Because women's health is such a large, and not yet completely defined field of study, it would be impossible for any individual to become an "expert" in one year. It is expected that the following objectives would be touched on during teaching rounds, clinical interactions, and informal discussions. It is also anticipated that residents will pursue particular interests during electives, in their reading, and in their later careers.
This program is very flexibile and self-directed. Residents will be expected to consider available options for rotations and organize their year themselves. The program director and administrative staff are available for support with this as well. Although this can be time consuming, the program is highly personalized to meet one's needs.
Some areas to consider when developing your program:
- To increase the resident's knowledge base and improve clinical skills with respect to normal processes in the women's reproductive life (i.e. puberty, menstruation, contraception, sexuality, pregnancy and childbirth, menopause, and aging) in addition to detecting and treating common problems (e.g. sexually transmitted diseases, infertility, gynecological cancers, sexual dysfunction, and incontinence).
- To encourage the resident to consider how these normal processes and problems differently affect immigrant, lesbian, poor, disabled, older, and adolescent women.
- To assist the resident in understanding the historical development of the specialty of obstetrics and gynecology, and the alternative (including feminist) critique of particular services offered to women by this profession (e.g. gynecological surgeries and new reproductive technologies).
- To provide the resident with an understanding of the factors that can contribute to "mental illness" in women (e.g. society's/family's expectations, childhood sexual abuse, other forms of violence against women, role overload and/ or conflict, financial difficulties, etc.).
- To encourage the development of skills in recognizing presentation of these problems (e.g. unexplained physical complaints, eating disorders, substance abuse, other addictive behaviours).
- To develop skills in counselling around such issues, and to become aware of community resources for referral and support.
Violence against Women
- To understand the prevalence and spectrum of violence against women and its impact on women's health (e.g. from sexual harassment and the fear of violence, to repeated sexual assault and murder).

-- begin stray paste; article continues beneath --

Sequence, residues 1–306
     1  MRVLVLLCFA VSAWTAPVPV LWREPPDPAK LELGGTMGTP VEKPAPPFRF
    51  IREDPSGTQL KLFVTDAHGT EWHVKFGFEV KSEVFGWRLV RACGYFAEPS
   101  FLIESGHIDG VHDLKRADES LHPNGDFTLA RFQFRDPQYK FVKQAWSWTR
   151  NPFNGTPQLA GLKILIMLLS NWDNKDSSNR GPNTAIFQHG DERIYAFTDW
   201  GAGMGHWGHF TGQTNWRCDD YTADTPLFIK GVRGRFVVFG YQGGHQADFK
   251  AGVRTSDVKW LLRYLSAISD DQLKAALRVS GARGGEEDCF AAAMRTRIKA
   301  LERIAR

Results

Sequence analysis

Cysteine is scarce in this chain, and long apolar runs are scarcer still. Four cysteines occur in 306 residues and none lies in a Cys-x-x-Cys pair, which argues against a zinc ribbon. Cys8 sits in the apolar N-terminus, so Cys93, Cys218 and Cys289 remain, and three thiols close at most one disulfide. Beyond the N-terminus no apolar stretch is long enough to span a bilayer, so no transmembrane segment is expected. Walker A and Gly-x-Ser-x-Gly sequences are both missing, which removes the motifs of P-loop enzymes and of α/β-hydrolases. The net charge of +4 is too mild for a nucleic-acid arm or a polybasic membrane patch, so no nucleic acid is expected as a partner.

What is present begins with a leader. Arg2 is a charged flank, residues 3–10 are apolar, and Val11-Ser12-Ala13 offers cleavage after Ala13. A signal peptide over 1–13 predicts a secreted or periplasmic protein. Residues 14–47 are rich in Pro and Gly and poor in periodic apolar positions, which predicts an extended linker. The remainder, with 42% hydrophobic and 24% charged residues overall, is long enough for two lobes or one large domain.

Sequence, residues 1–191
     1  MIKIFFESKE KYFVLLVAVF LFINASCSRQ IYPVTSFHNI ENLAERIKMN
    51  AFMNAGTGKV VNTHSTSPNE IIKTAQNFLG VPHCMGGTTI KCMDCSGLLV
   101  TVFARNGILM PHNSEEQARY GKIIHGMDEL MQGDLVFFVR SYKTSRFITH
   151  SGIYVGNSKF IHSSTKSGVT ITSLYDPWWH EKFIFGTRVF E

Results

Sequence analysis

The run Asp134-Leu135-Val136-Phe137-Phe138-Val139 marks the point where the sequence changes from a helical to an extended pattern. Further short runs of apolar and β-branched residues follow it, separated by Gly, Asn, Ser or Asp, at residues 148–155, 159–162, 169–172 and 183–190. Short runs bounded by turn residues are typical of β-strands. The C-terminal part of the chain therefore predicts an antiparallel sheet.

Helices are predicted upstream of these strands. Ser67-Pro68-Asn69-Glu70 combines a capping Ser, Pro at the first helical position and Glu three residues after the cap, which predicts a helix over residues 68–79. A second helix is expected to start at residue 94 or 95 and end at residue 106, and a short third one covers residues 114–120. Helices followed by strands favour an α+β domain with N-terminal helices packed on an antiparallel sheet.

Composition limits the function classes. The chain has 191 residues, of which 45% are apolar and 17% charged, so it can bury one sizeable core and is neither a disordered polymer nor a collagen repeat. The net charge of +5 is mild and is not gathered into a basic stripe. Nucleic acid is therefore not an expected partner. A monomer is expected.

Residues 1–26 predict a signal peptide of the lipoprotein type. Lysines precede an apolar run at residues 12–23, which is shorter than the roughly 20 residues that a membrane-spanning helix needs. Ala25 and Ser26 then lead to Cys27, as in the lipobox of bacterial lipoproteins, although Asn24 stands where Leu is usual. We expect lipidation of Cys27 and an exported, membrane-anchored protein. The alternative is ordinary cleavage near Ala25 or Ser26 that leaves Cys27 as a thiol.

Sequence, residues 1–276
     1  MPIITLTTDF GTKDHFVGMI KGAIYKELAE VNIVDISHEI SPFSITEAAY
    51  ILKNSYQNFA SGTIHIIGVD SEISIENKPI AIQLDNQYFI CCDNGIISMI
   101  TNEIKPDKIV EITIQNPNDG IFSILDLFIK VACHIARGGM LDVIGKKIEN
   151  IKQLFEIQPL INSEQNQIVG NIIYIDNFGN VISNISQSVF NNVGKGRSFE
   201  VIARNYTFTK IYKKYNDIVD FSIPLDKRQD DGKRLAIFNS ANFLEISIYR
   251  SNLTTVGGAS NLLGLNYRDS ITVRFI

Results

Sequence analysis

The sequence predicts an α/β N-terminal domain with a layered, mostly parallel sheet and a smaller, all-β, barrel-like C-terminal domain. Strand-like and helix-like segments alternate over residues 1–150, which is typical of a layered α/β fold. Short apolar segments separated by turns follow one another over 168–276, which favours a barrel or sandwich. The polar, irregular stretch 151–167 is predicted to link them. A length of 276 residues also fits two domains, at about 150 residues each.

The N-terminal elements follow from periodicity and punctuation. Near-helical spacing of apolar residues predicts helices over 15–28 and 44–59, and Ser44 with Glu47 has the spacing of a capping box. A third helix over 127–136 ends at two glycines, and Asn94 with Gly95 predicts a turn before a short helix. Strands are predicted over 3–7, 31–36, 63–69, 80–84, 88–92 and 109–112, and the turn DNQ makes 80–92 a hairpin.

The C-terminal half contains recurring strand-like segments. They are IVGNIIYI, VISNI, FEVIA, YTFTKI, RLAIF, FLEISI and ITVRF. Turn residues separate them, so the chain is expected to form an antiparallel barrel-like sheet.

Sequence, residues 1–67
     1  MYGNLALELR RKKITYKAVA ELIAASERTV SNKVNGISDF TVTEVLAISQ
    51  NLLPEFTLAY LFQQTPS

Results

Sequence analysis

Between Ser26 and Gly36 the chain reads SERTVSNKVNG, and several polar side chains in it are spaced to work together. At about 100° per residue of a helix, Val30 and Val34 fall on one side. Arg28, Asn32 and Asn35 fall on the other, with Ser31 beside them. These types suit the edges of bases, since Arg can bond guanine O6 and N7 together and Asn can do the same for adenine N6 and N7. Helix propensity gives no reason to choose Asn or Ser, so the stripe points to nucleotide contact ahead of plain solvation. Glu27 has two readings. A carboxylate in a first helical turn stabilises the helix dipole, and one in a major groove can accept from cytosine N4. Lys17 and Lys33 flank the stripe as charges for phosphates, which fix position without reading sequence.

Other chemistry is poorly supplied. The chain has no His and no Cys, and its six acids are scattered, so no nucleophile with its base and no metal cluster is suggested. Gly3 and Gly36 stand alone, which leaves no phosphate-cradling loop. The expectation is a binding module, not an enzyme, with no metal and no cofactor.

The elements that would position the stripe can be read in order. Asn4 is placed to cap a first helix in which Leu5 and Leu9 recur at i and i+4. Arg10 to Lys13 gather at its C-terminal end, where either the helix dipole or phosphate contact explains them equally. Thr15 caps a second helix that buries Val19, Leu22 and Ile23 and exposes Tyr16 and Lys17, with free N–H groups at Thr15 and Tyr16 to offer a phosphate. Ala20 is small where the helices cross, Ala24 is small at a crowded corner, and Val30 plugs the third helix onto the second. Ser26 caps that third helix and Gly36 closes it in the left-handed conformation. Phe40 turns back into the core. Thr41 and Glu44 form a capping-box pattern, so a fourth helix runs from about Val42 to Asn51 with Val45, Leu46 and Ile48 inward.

- To become aware of the reasons for this endemic violence, and how it is perpetuated.
- To be able to recognize how women who have experienced violence present to their physician, providing early diagnosis.
- To become familiar with skills required in dealing with women in both crisis and non-crisis situations (including the sexual assault examination), and to know how to take steps to protect women (and children) from further violence.
- To educate the residents about community resources and how to access them.
- To have a good understanding of what healthy behaviours are and be able to counsel women from a variety of backgrounds about these (e.g. exercise, nutrition, safe sex, how to live with stress).
- To actively incorporate appropriate screening procedures into general practice routines (e.g. osteoporosis, breast cancer, gynecological cancers, family violence).
- To foster a practice of medicine where women (as well as others) are considered responsible for their own health and are provided with the information they need to make appropriate choices about their lifestyles.
- To provide the residents with the skills to critically appraise existing research that is applied to women (e.g. drug trials and studies of particular surgeries that base their data collection on male patient populations, but include women in their treatment).
- To understand the principles of feminist research (e.g. hearing and valuing women's voices, empowering women) and consider how they could be applied to medical research.
- To provide opportunities for interested residents to apply the knowledge and skills they have acquired in preparing and implementing a research project.
- To develop an understanding of the relative position of power the physician is in with respect to the patient and other health care workers, and the impact this can have on the physician-patient relationship and on good health care provision.
- To participate in multidisciplinary learning (i.e. teaching and supervision done by other health care personnel and community workers) in order to develop knowledge and skills that are not provided in traditional medical education, in addition to building greater respect and understanding for the expertise of individuals meeting women's needs outside the medical profession.
- To provide the residents with the ability to recognize stressors in their lives, including the personal impact of understanding women's position in society.
- To assist in the development of strategies for taking care of themselves and each other (e.g. support groups). Medical Education
- To provide the opportunity for residents to participate in educating others in medicine about women's health through assisting in organizing rounds and conferences.